In a future age where robots take care of most of the more tedious tasks, humans have a lot of time on their hands. So what to do with it? Well, obviously, they’re going to watch the Norman K. Barron show! Norman is a handsome and heroic policeman, whose dealings have already cost the life of his partner, who has now been replaced by Oshi Feal, a young recruit fresh out of police school. But nothing could have prepared Oshi for this kind of mission, where unexpected developments are a must… After all, you gotta keep the viewers happy!
Baron and Sheeta, buddy cops and the stars of the highest rated reality show in the world have run into a perp like no other. A serial killer who flays his victims and removes their vertebrae with surgical precision, he’s been active all over Europe for nearly a year. Now in South America, he’s found himself in the spotlight and pursued by two of the best in the business. Cornered, with Baron and Sheeta closing in, this dirtbag doesn’t stand a chance!
Or does he? In an instant, Detective Sheeta is murdered, live for all of his loyal viewers to see. Displaying superhuman strength and agility, the killer escapes justice and Baron is left grieving for the camera feed. The tragic and highly-rated death leaves entertainment powerhouse MediaCop looking for someone to take Sheeta’s place as Baron’s new partner. Of course, not just anyone will do… the job can only go to the most qualified law enforcement officer, the one most dedicated to truth, justice, and the perfect one-liner. It ain’t gonna hurt if they also happen to be photogenic.
Enter academy cadet Oshi Feal. She’s about to graduate at the top of her class, and is destined for great things behind the scenes as an ordinary publicly employed police officer. Until, that is, she’s noticed by Norman Baron’s MediaCop agent. Now she’s ready to step into the fray as Baron’s latest partner, so long as she can uphold the terms and conditions of her non-disclosure agreement.
Who doesn’t love reality television? Okay, well I’m not really a huge fan, but then again we don’t have anything at all like this. For a hefty subscription fee, viewers are able to tune in their VR headsets to watch the ongoing adventures of Captain Norman Baron and whoever his partner is at any given time. For a slightly less intimidating price, viewers can subscribe to his partner’s feed and be treated to an only slightly diminished dose of Baron’s adventures, just from a different camera angle. Being new to the whole celebrity thing, Oshi is overwhelmed by the fact that she’s going to be working in close contact with her reality show hero. Before too long, however, it starts to come clear that everything she’d seen through her VR feed isn’t the whole story. After all, you can’t let things like reality get in the way of the ratings, even on reality television.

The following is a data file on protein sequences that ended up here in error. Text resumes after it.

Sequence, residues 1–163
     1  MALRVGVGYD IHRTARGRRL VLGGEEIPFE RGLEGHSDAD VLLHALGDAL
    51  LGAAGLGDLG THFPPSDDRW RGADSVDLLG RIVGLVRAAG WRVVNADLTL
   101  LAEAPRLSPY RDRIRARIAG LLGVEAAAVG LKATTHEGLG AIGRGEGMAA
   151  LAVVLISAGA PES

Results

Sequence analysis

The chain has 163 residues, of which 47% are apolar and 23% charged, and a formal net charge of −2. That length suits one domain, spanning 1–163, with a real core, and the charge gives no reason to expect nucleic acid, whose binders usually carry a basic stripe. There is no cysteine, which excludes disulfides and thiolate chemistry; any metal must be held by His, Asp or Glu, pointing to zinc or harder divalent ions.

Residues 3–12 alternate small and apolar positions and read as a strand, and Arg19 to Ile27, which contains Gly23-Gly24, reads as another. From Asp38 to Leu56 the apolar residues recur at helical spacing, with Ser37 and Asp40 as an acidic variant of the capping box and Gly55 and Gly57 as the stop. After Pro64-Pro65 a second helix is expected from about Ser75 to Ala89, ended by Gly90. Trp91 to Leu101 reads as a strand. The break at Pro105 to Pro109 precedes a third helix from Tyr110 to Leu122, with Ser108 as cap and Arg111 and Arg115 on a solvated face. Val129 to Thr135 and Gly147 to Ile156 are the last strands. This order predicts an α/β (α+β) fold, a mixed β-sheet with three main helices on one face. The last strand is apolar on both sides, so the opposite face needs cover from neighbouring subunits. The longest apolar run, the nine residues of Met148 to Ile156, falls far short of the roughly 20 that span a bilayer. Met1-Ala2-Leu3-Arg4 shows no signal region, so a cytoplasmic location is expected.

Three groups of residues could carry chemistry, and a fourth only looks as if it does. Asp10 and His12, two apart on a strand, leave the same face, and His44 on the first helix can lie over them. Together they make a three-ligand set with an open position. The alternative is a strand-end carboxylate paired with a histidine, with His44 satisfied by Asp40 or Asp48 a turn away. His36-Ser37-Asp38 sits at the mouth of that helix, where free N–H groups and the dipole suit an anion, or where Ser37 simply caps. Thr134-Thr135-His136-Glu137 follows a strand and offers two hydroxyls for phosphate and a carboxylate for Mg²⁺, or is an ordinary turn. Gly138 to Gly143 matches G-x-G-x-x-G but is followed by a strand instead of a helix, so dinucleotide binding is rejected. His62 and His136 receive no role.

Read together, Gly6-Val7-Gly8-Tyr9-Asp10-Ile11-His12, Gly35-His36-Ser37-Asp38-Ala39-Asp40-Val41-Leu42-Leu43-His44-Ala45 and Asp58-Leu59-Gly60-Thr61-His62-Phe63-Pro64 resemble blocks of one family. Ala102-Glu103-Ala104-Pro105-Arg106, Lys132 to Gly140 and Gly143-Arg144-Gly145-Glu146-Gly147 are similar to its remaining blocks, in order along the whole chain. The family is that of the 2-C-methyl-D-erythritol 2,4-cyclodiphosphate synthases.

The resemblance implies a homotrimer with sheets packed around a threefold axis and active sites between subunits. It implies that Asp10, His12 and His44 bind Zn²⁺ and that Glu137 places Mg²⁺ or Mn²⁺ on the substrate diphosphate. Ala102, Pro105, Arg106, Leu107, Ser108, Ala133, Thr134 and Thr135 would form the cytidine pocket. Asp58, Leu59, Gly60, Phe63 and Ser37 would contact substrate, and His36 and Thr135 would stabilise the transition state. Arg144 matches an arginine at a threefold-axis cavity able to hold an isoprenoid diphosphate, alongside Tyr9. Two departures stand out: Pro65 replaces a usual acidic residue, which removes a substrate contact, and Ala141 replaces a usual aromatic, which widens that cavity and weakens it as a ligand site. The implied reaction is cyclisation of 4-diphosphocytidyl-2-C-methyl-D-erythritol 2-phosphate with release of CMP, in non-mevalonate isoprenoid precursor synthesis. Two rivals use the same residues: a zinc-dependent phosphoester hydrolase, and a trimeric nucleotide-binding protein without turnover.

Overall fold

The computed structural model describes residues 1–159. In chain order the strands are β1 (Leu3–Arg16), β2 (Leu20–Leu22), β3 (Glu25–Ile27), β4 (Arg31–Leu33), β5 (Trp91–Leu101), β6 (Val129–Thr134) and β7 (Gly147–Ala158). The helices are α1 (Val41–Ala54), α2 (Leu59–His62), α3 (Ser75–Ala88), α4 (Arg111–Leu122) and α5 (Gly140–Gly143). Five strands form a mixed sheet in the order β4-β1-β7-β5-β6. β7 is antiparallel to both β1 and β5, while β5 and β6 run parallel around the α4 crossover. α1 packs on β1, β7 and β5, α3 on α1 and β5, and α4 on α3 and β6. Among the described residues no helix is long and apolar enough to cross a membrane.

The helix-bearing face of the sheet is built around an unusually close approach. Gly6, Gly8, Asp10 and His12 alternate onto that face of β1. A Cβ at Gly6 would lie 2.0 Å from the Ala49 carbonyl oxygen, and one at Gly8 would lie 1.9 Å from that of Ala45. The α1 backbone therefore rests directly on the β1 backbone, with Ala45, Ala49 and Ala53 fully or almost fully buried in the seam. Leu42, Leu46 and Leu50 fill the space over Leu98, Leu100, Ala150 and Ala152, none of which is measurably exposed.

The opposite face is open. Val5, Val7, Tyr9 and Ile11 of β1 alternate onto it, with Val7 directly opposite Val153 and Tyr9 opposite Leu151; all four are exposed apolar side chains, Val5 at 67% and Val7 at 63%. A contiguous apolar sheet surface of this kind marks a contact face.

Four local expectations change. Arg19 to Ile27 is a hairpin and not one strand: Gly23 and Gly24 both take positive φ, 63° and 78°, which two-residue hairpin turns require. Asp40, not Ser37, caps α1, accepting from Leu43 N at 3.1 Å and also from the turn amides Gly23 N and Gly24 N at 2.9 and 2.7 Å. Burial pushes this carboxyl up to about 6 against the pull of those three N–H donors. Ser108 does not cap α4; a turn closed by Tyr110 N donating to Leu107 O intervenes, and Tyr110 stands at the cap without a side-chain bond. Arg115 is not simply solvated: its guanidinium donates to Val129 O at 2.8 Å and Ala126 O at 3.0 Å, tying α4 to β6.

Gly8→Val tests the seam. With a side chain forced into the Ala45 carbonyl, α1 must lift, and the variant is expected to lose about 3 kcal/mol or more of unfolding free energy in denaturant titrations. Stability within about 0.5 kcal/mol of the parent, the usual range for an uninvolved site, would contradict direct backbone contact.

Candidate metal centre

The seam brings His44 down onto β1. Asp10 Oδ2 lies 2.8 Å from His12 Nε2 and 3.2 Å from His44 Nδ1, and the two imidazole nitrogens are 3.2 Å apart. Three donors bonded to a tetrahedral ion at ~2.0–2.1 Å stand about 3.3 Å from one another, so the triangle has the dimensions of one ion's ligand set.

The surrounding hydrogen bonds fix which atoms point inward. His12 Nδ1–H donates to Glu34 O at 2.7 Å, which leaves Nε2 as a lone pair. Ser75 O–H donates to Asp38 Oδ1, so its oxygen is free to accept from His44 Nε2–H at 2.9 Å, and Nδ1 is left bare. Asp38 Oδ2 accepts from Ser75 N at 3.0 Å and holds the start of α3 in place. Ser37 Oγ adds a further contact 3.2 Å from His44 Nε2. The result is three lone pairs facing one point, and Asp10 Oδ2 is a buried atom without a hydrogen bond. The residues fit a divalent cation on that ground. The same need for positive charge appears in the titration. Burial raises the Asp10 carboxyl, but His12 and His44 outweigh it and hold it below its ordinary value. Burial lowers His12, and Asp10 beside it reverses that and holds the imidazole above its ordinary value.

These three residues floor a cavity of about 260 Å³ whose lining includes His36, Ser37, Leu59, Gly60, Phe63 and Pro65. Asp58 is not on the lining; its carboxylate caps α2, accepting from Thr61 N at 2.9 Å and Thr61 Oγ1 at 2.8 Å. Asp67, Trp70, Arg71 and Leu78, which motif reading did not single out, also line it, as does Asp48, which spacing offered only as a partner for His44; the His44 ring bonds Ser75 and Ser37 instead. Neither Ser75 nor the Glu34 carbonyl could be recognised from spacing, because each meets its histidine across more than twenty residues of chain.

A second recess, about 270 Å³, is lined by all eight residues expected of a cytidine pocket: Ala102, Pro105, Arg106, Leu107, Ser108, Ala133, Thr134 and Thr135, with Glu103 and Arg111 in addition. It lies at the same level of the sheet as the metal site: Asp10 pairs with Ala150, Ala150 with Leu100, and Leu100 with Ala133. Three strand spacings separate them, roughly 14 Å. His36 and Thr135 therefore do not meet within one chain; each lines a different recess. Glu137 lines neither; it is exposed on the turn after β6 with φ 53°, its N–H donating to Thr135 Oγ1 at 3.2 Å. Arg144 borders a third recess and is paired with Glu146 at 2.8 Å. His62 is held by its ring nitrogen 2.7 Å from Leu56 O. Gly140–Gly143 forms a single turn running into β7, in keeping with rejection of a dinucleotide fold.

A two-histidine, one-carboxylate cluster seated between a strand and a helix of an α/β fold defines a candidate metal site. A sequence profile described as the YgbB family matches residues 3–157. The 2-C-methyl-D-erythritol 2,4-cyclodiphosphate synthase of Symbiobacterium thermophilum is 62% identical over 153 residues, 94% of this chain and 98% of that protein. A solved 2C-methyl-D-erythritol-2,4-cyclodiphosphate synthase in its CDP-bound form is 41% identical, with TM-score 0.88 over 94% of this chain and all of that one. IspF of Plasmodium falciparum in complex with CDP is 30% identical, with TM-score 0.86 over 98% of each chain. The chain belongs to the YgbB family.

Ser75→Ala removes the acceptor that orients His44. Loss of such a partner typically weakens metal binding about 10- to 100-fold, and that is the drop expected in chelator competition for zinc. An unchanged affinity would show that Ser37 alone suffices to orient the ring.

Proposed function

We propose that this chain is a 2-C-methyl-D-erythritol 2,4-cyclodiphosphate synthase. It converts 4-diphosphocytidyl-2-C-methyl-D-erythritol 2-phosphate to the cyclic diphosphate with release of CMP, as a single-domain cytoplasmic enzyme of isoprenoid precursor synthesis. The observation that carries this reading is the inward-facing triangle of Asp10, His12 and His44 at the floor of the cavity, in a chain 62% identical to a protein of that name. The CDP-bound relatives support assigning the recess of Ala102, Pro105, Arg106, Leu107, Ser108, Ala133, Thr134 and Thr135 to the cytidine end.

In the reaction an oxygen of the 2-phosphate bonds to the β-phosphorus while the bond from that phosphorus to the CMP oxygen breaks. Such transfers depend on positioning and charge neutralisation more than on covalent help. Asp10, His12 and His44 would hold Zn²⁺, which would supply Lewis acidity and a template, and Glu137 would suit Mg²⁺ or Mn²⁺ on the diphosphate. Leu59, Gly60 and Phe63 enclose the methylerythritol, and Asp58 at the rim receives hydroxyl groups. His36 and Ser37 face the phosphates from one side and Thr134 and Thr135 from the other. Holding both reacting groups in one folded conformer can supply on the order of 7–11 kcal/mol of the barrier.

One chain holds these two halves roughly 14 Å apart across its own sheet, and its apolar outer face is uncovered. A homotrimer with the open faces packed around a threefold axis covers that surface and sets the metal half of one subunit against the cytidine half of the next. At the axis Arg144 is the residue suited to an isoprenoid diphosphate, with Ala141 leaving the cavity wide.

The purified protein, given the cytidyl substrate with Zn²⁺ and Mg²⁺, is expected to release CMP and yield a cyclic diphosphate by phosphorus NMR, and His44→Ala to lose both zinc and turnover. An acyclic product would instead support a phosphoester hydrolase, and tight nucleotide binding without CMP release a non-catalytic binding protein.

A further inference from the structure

The cynicism splashed across every page, along with gratuitous amounts of sex and violence (hello… ratings!), was what really made this a really entertaining read. The contrast between “reality” and “reality television” isn’t one that many people grasp, and that’s the point that writer J. D. Morvan seemed to want to get across. That isn’t saying that perfectly coiffed supercop Norman Baron is your typical paper hero. Granted, he is very good at his job- cop or entertainer, pick one- but he’s also a guy who, as the story goes on, starts to show the wear and tear involved in keeping up appearances. For that matter, Oshi is perfectly placed as the bright and sunny optimist who has to cope with the grimy truth. We’ll see how long she can hold onto her outlook when faced with the hard and cold facts she never got to see when she was merely a viewer. Neither of our main protagonists remain one dimensional stereotypes for long, and that’s what makes this, a book that started out as eye-candy, really jump ahead in my opinion.
Speaking of eye-candy, the artwork put in by the team of Porcel and Hubert does a great job of taking Morvan’s story and cranking it up to 11. The action is laid out to portray the dynamic movements involved when things get moving, and the character designs are steady and on the mark throughout the book. Baron looks like the quintessential action movie hero, all blonde haired and square jawed, while Oshi brings an almost manga schoolgirl quality that evolves into the perfect sidekick stereotype. Think Robin to Baron’s Batman, only with a little more chance of a hookup down the road.
Absolutely not for kids, with heavy doses of graphic sex and violence throughout, Reality Show is a great example of what comics can do when the gloves are off. It has aspects of multiple genres, ranging from sci fi action to cyberpunk, and should appeal to different palettes. If you’re looking for a deeper story to go with your buddy cop drama, there are multiple layers to be explored. If it’s just action, action, action you want, there should be plenty of that to see, awesomely scripted and drawn.
Oh yeah, and there’s still that pesky serial killer out there… You don’t suppose he’s a major part of the plot, do you? Believe me, it was a little surprising to me that whenever he popped up in the book. It was almost like he was jumping up to remind me that he was still lurking around in the shadows while I was getting caught up in the whole play on the reality show tropes.
In the realm of independent comics, there are definitely layers and cliques. As a digital only title coming from a publisher I’d never really seen before, Reality Show is one that did not disappoint me in the least.